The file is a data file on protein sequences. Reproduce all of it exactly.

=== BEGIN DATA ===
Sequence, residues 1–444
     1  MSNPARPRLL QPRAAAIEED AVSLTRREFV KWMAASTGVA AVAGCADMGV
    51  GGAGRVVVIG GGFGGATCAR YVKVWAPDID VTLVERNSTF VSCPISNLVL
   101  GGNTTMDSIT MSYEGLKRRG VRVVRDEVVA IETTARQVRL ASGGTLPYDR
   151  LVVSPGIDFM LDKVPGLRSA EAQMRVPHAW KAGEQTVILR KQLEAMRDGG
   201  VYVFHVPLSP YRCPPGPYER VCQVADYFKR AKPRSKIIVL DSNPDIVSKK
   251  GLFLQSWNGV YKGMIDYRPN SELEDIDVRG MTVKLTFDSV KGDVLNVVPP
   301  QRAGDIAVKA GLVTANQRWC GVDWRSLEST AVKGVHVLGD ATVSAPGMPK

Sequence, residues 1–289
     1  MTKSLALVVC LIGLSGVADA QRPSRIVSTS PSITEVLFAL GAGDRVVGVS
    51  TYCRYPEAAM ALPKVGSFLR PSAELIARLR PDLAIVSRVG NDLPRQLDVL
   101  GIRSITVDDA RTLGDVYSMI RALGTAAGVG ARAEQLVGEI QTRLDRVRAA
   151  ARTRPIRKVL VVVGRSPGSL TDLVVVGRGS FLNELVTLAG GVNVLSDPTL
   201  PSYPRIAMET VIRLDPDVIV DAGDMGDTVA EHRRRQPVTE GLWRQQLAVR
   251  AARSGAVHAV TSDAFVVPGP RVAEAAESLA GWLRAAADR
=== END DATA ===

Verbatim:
Sequence, residues 1–444
     1  MSNPARPRLL QPRAAAIEED AVSLTRREFV KWMAASTGVA AVAGCADMGV
    51  GGAGRVVVIG GGFGGATCAR YVKVWAPDID VTLVERNSTF VSCPISNLVL
   101  GGNTTMDSIT MSYEGLKRRG VRVVRDEVVA IETTARQVRL ASGGTLPYDR
   151  LVVSPGIDFM LDKVPGLRSA EAQMRVPHAW KAGEQTVILR KQLEAMRDGG
   201  VYVFHVPLSP YRCPPGPYER VCQVADYFKR AKPRSKIIVL DSNPDIVSKK
   251  GLFLQSWNGV YKGMIDYRPN SELEDIDVRG MTVKLTFDSV KGDVLNVVPP
   301  QRAGDIAVKA GLVTANQRWC GVDWRSLEST AVKGVHVLGD ATVSAPGMPK

Sequence, residues 1–289
     1  MTKSLALVVC LIGLSGVADA QRPSRIVSTS PSITEVLFAL GAGDRVVGVS
    51  TYCRYPEAAM ALPKVGSFLR PSAELIARLR PDLAIVSRVG NDLPRQLDVL
   101  GIRSITVDDA RTLGDVYSMI RALGTAAGVG ARAEQLVGEI QTRLDRVRAA
   151  ARTRPIRKVL VVVGRSPGSL TDLVVVGRGS FLNELVTLAG GVNVLSDPTL
   201  PSYPRIAMET VIRLDPDVIV DAGDMGDTVA EHRRRQPVTE GLWRQQLAVR
   251  AARSGAVHAV TSDAFVVPGP RVAEAAESLA GWLRAAADR